x Abu Dhabi, UAETuesday 23 January 2018

RAK plans celebrations to mark ruler's 60-year reign

Sheikh Saqr, who took power in 1948 at the age of 23, is the world's second longest-serving head of state.

RAS AL KHAIMAH // A cavalry parade, rowing contest and operetta are among events planned later this month to celebrate 60 years of leadership by Sheikh Saqr bin Mohammed, Ruler of Ras al Khaimah. Sheikh Saqr, who took power in 1948 at the age of 23, is the world's second longest-serving head of state after the King of Thailand.

Under the patronage of Sheikh Talib bin Saqr, the director general of Ras al Khaimah Police Department, the emirate will hold a celebration on Nov 27 in honour of his reign. Mohammed al Mahrazi, a member of the organising committee, said Sheikh Saqr would be presented with a letter of gratitude by the citizens and residents of RAK. "The letter will be presented from all the people of RAK, Emiratis and foreigners, old and young, to give thanks to him for all that he made.

"He suffered a lot for his people and he guided them into the union, so he deserves this letter. We hope to get up to 100,000 signatures." Mariam al Shehy, the chief of the events committee, said a parade on the Al Qawasim Corniche would include students, citizens, residents, police cavalry and music bands. She expressed her hope that hundreds of students and employees from the government and private sectors would join.

The event is also to include a rowing contest, aircraft and naval shows and a special photo exhibition depicting Sheikh Saqr's life and contributions to the emirate. A group of students are to perform an operetta directed by Abdul al Wahabi and the poet Abdullah al Hadia. Tariq bin Saif, the chief of the organising committee, wants the celebration to express the loyalty people have to Sheikh Saqr. Event organisers promise to transform the Ras al Khaimah Corniche into a "glorious and delightful sight".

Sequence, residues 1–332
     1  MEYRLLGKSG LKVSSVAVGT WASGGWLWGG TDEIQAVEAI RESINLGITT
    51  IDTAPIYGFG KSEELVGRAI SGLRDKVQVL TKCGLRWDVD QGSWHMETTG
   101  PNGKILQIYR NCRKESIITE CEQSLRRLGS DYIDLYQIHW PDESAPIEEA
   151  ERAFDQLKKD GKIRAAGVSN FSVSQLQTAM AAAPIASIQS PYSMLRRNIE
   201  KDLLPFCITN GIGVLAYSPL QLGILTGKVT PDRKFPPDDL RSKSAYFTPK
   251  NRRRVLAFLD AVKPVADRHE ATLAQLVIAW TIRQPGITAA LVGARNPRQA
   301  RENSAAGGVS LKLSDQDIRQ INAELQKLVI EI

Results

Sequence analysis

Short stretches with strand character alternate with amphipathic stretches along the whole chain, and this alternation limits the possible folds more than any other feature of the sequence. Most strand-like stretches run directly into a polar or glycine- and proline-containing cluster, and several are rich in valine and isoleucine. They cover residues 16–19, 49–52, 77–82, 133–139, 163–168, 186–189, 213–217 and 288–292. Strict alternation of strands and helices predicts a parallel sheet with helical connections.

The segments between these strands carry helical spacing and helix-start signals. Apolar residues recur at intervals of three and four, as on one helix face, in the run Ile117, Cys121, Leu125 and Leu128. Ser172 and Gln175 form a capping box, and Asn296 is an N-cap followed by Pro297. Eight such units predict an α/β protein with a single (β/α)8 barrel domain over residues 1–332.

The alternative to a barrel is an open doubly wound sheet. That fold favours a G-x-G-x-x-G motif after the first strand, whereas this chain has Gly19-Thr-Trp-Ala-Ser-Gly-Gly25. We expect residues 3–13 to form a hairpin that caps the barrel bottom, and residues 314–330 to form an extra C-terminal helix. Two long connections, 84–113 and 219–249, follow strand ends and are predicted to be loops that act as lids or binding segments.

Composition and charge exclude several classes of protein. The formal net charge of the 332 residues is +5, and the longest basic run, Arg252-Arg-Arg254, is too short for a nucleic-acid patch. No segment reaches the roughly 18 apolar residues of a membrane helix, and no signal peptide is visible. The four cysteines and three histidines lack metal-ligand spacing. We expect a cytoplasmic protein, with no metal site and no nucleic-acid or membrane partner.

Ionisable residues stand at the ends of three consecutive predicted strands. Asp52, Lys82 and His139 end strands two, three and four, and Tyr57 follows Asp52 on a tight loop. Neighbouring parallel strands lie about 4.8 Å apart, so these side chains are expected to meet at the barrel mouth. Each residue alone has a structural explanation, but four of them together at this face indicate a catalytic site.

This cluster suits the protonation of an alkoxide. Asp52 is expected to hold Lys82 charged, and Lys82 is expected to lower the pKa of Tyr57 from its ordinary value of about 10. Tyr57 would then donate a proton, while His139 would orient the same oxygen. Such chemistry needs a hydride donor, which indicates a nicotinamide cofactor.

The occasion, scheduled to start in the evening and last until midnight, is being sponsored by both public and private sectors. Nasser al Kass, the head of the Ibn Majid Folk Art Society, said that the occasion would be a source of pride for Emiratis. "Sheikh Saqr has spared no effort to harness all human and material potentials for boosting the emirate. He is a beacon of light for his people through the growth and prosperity of the emirate."

Sheikh Saqr succeeded his uncle Sheikh Sultan bin Salim in January 1948. Six months later, on July 16, he was officially inaugurated in a ceremony attended by leading tribal rulers and the British political agent CJ Pelly. Sheikh Saqr inherited a poor emirate that had suffered from the collapse of the pearling industry. He invested his own money into RAK's falaj system - allowing irrigation to sustain various forms of agriculture - and arranged scholarships to schools in nearby Gulf states. He appealed to Kuwaiti and Egyptian governments for assistance in establishing formal education in RAK and made efforts to consolidate his power within the emirate and between neighbouring sheikhdoms.